The Apple App Store for the iPad gives you a lot of choice with more than 80 thousand apps specifically tailored for the iPad's 9.7" screen and many more for the iPhone that the iPad can emulate.
Developers are quick to catch up to the iPad's enormous resolution but we're already seeing titles being update to support the new Retina display - Infinity Blade II, Real Racing 2 HD, Evernote to name a few.
The App Store hasn't changed compared to previous versions and it's easy to navigate.
The separate iTunes store offers music, movies, podcasts, while the iTunes U app delivers university lectures, keynotes, verbal courses and a lot of other interesting stuff.
The great thing about the iTunes Store is that it offers a huge collection of content and you can preview pretty much anything - be it a short preview of a song or a movie trailer. You can also decide on buying movies or just renting them.
iPad comes with two camera-related apps - Photo Booth and FaceTime.
The Photo Booth is almost the same as the Mac OS X Photo Booth - you can use the front or the rear camera to take funny pictures of yourself or a friend. There are only 8 different filters here, but the results are pretty funny nonetheless. The only downside is that using the front camera (which is more natural) gives you VGA-only (0.3MP) results.
The app has very simple interface - you have nine squares where you can see the actual filter applied in real time. You choose a filter and tap on it. Now you can take a picture, change the camera or review/delete your previous Photo Booth photos.
The FaceTime video-calls became quite popular among Apple fans, so it is no surprise you can facetime on the new iPad. Luckily, Apple won't charge you for the FaceTime app (like it does on the Mac OS X).
As usual the FaceTime calls work fine, you just need enough friends with FaceTime-capable iGadget and a good Wi-Fi connection.
What we didn't like particularly is that currently the bandwidth allows for HD calls only, which frankly look really low res l on the Retina display. The iPad's front-facing camera cannot go beyond 720p anyway so we doubt FullHD video calls will be possible any time soon.
We were able to test out a couple of apps that we're already updated to bring you full Retina support on the new iPad.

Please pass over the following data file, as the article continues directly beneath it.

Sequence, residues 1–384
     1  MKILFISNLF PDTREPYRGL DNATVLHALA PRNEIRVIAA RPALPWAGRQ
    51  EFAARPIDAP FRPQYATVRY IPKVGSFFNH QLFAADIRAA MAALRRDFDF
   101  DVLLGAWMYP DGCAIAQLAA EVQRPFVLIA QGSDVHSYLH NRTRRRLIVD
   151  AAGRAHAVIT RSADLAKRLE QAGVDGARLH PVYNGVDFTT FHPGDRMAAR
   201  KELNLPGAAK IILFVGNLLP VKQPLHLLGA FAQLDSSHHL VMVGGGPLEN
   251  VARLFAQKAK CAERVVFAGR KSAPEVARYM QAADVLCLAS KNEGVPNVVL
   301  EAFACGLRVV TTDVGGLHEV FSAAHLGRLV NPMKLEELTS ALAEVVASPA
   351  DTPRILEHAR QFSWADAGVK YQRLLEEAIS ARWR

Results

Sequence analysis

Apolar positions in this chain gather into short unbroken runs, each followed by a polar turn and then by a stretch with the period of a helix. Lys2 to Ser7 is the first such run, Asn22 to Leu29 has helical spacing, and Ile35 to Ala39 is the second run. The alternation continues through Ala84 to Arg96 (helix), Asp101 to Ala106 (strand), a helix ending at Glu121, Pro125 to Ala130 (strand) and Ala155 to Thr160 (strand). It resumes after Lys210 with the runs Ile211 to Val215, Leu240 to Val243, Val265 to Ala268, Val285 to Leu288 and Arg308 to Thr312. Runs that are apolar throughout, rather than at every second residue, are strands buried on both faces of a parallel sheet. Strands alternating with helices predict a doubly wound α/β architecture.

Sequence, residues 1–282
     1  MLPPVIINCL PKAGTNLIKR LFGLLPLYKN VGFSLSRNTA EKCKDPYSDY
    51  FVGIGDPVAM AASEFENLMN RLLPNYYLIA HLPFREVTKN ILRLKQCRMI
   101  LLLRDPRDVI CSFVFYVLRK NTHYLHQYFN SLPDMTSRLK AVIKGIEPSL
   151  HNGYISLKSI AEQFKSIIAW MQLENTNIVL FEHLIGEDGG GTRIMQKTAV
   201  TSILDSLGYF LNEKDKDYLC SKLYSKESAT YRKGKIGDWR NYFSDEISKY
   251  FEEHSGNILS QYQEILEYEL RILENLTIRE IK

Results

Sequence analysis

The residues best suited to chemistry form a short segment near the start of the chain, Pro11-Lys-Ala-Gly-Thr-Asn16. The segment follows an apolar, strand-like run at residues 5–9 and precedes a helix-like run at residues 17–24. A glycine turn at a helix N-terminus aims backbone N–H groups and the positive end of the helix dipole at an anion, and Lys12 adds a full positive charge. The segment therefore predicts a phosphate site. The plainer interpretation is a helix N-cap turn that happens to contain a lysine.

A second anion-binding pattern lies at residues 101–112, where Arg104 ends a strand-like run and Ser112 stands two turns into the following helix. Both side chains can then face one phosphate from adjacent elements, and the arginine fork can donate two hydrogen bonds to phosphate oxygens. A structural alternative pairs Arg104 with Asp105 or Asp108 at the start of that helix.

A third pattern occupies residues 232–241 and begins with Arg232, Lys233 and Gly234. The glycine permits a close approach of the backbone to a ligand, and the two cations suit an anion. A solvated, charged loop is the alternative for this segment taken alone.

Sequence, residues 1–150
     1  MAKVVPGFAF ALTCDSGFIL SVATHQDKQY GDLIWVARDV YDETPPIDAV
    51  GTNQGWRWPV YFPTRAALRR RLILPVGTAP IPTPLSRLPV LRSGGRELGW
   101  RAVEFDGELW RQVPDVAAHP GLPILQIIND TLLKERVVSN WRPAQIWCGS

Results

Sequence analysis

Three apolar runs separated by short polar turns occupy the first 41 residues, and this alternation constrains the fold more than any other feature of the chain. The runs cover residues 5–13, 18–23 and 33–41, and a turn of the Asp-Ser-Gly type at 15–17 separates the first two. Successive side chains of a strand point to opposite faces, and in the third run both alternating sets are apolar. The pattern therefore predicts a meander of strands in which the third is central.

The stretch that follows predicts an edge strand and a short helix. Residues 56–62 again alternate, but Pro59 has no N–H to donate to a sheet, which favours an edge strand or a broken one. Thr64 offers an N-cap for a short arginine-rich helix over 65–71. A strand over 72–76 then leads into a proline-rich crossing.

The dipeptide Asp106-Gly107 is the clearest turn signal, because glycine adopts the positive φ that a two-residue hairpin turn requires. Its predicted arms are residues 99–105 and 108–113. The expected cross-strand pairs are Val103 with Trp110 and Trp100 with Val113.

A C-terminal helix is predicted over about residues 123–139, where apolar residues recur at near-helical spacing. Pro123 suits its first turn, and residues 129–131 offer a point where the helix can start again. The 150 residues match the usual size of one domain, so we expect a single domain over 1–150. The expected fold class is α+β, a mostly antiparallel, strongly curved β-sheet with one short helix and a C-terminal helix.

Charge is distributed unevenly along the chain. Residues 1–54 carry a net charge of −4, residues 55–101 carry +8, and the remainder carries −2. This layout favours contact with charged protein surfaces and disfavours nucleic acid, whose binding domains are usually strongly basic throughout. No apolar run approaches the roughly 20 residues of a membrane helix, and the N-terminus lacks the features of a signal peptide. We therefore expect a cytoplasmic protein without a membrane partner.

Flipboard is one of them - it's a great way of viewing your personally-relevant internet content without ever opening the browser. It gives you a book-like layout with swipeable control and you can share what you're reading or view it with the in-built browser.
Infinity Blade II was featured in the iPad announcement keynote and for good reason - it brings incredible graphics and in full Retina-ready splendor. Visual effects are rich, shadows are deep, textures are very detailed and the game is a joy more for the sight of it than the gameplay itself (which is pretty good too, by the way).
Comics is a great app filled to the rafters with titles you can buy and enjoy on your iPad. It features over 20 thousand comics, graphics novels, etc. from publishers like Marvel, DC and others. It's a real joy to use on the iPad's Retina display, especially if you're viewing color-dense pages.
More and more apps will implement Retina support and we hope it happens fast because due to the amped up resolution apps that aren't optimized look really poor.
YouTube is available as a standalone app on the iPad.
iBooks is Apple's dedicated Ebook slash PDF reader. It also comes complete with Apple's online iBookstore with thousands of titles available.
The interface of iBooks remains unchanged and is pretty great - all your books or PDFs are organized on a virtual scrollable bookshelf. You can set the font size you want, choose to have a sepia, white or black background, define a brightness for the screen, search for books, etc.
While in a book you can highlight text, leave a note, bookmark, check a word with the built-in dictionary and finally, browse through all of your notes and highlights in any book at any given time which is really neat for book junkies or students.
Still not every book you're interested in is available in the iBookstore - Harry Potter and The Lord of the Rings sagas are just the tip of the iceberg - this could be a major deal-breaker for users that want the iPad as an e-reader above all.
The Retina display on the iPad ensures you'll get picture-perfect text at your fingertips but keep in mind that reading on a backlit display is nothing like reading on an e-ink display - your eyes will tire quickly.
Finally, we come to Newsstand - it's a folder-like application on the homescreen, which acts as a virtual magazine shelf. You can download magazines and papers, and subscribe to have the latest issues seamlessly downloaded to your iPad. It's a pretty nifty app and all of the major magazines are available as paid downloads.